Obituaries - O

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Below you will find a complilation of obituaries gathered from various newspapers throughout Placer County. If YOU have an obituary for a Placer County resident and would like to addit to this collection, please contact the county coorinators.

Placer County Reader (Auburn), Thursday, 1-17-1898

Mrs. Addie Oakeshott of Gold Hill passed away on Saturday after a brief but severe illness. The funeral took place on Monday with interment in Red Men’s Cemetery, Newcastle. Mrs. Oakeshott was a daughter of Mrs. L. K. Newcomb and had many friends in Auburn where she resided for some time before her marriage. She was a native of Lynn, Massachusetts, but Placer County had been her home for years. On October 20, 1897, she was married to Philip S. Oakeshott, the ceremony being a double one for at the same time her sister, Flossie, became Mrs. Ernest Belmore, and it seems very sad that at this early date one of the sisters should be called away. Besides husband and mother, two sisters, Mrs. Belmore and Ethel Newcomb and three brothers, Clarence, Ed, and Frank, are left to mourn the loss of the loved one. The bereaved family has the sympathy of a large circle of acquaintances in the county.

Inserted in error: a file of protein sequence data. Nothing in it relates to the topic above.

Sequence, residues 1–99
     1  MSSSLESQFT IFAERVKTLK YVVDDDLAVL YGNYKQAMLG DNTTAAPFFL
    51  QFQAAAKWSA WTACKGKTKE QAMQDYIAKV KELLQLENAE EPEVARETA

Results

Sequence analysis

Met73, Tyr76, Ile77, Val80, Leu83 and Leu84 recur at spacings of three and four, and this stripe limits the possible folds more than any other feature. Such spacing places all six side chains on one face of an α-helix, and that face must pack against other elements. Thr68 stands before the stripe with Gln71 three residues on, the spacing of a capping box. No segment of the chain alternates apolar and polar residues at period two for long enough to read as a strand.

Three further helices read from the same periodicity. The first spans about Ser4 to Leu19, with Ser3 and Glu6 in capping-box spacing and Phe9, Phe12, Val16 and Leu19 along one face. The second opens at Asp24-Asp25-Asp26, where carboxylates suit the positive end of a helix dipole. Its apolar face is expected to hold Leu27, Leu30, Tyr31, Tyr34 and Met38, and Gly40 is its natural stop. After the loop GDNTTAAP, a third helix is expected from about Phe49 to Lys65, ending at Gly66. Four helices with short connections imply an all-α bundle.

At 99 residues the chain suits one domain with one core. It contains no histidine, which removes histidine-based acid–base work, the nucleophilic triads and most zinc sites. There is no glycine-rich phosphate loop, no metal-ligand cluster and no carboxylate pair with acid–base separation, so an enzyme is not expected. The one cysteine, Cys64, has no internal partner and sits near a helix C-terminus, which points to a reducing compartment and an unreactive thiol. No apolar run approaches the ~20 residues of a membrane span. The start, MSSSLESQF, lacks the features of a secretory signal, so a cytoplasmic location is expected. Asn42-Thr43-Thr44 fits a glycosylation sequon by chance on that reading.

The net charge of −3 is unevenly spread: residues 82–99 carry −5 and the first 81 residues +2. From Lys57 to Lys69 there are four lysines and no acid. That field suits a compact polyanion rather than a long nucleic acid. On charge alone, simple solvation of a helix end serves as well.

Placer County Reader (Auburn), Thursday, 1-12-1899

Last Thursday evening, Charles Miner O’Bannon died suddenly of heart trouble at the home of his son W. S. O’Bannon at Colfax. The deceased was a native of Harper’s Ferry, Virginia, and was born December 31, 1833. In 1859 he came to California and lived in El Dorado County where he followed mining. In 1861 he was united in marriage to Anna E. Miller, whose death occurred in this city in January, 1887. Mr. O’Bannon made Placer County his home for several years past and leaves two daughters, Mrs. George Morgan of Los Angeles and Mrs. W. S. Graham of this city, and a son, W. S. O’Bannon at Colfax. The remains were brought to this city from Colfax and laid to rest in the Auburn Cemetery Saturday morning.